Watching your sugar intake? Eating capsicum is a good idea

Capsicum. You love it in your sandwiches and your chowmein, but the idea of including it in a sabzi would not go down well with most people. Though kids (and some adults) may not like this kitchen staple, capsicum is rich in essential nutrients, says N Lakshmi, senior dietician at Kamineni Hospitals, Hyderabad.

Also known as bell pepper or sweet pepper, capsicum can be a healthy choice during the monsoon season. “It provides essential vitamins and antioxidants that can help boost your immunity, which is crucial during periods of increased susceptibility to infection,” she adds.

However, one must ensure that it is properly washed and cooked to prevent any contamination, as moisture during monsoons can promote bacterial growth on vegetables.

Capsicum: Nutritional profile

Here’s a general overview of its nutritional profile per 100 grams of raw, green bell pepper, according to Lakshmi.

– Calories: Approximately 20 calories
– Carbohydrates: About 4.6 grams
– Dietary Fibre: Around 1.7 grams
– Protein: Roughly 0.9 grams
– Fat: Almost negligible, less than 0.2 grams
Vitamins: High in vitamin C (ascorbic acid), with about 80-90 milligrams, and a good source of vitamin A and vitamin K.
– Minerals: Contains potassium, magnesium, and small amounts of other minerals.
– Phytonutrients: Rich in various phytonutrients, including carotenoids and flavonoids.

capsicum Also known as bell pepper or sweet pepper, capsicum can be a healthy choice during the monsoon season. (Source: Unsplash)

Health benefits of capsicum

Capsicum offers several health benefits, Lakshmi says:

Rich in Antioxidants: The high vitamin C content in capsicums acts as an antioxidant, helping to combat oxidative stress in the body, which can reduce the risk of chronic diseases.

Supports Immune Health: Vitamin C also supports the immune system, helping the body fight off infections.

Weight Management: Capsicum is low in calories and contains dietary fibre, which can aid in weight management by promoting a feeling of fullness.

Eye Health: The presence of vitamin A and other carotenoids in capsicums is beneficial for eye health and may reduce the risk of age-related macular degeneration.

Anti-Inflammatory: Some compounds in capsicums have anti-inflammatory properties which can be beneficial in managing inflammatory conditions.

Can diabetics consume capsicum?

Yes, diabetics can consume capsicum, Lakshmi says, explaining that “it is relatively low in carbohydrates and has a low glycemic index, which means it has a minimal impact on blood sugar levels.” It can be a healthy addition to a diabetic’s diet as part of a balanced meal plan.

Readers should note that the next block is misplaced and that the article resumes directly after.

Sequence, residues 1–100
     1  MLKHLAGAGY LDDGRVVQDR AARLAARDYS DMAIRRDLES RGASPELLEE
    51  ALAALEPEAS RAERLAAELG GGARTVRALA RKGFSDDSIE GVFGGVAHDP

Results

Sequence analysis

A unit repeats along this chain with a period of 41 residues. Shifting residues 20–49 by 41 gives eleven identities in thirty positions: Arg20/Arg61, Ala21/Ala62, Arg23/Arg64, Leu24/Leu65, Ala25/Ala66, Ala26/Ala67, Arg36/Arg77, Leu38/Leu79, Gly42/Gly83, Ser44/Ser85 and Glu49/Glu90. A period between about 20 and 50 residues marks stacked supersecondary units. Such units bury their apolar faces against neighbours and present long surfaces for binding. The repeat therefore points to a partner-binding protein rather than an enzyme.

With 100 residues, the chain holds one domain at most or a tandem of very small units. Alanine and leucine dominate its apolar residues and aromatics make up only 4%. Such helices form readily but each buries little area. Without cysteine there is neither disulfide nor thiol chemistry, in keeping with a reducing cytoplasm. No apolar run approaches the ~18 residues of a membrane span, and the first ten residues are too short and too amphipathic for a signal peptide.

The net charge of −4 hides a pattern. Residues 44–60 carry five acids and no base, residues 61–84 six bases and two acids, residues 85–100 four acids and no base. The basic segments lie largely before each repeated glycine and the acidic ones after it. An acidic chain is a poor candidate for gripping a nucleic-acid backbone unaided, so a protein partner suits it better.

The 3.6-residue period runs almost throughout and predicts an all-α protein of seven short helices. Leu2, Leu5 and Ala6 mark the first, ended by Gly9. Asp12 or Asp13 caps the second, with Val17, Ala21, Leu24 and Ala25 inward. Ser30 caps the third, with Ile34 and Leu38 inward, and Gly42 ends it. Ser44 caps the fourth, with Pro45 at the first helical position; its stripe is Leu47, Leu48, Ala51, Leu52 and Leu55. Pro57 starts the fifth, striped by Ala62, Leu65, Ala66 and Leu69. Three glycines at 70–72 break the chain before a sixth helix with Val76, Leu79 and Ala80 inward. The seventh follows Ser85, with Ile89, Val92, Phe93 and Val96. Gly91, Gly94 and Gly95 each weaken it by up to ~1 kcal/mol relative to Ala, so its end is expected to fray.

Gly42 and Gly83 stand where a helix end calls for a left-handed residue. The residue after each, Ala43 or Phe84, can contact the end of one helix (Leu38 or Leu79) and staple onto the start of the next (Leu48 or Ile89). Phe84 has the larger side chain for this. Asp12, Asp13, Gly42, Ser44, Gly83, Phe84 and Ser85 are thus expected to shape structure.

Is it beneficial for pregnant women?

Capsicum can be beneficial for pregnant women due to its high vitamin C content, which supports the immune system and helps in the absorption of iron from plant-based foods, according to Lakshmi.

However, she warns that some pregnant women may experience heartburn, and capsicum’s spicy varieties can exacerbate this. Therefore, it is essential to monitor how your body responds to it and consult with a healthcare provider if you have any concerns.

pregnancy Capsicum can be beneficial for pregnant women due to its high vitamin C content. (Source: Getty Images/ Thinkstock)

Things to keep in mind while eating capsicum

The senior dietician advises that some things have to be kept in mind before eating capsicum.

Allergies: While capsicum allergies are relatively rare, some individuals may be allergic. If you experience symptoms like itching, hives, or swelling after consuming capsicums, seek medical advice.

Sugar Content: Capsicums have minimal natural sugars, making them suitable for those watching their sugar intake.

Overconsumption: Overeating capsicums can lead to digestive discomfort, such as gas and indigestion, due to its fibre content. Moderation is key.

Myths about capsicum

Lakshmi also debunks some myths about capsicum.

Myth 1: Capsicum is always spicy.
Fact: Not all of capsicum’s varieties are spicy. Bell peppers, for example, are mild and sweet.

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Myth 2: It can cure diseases.
Fact: While it offers health benefits, capsicum is not a miracle cure. It is part of a balanced diet for overall health.

Myth 3: Capsicum is bad for digestion.
Fact: Capsicums, when consumed in moderation, can actually aid digestion due to its fibre content.

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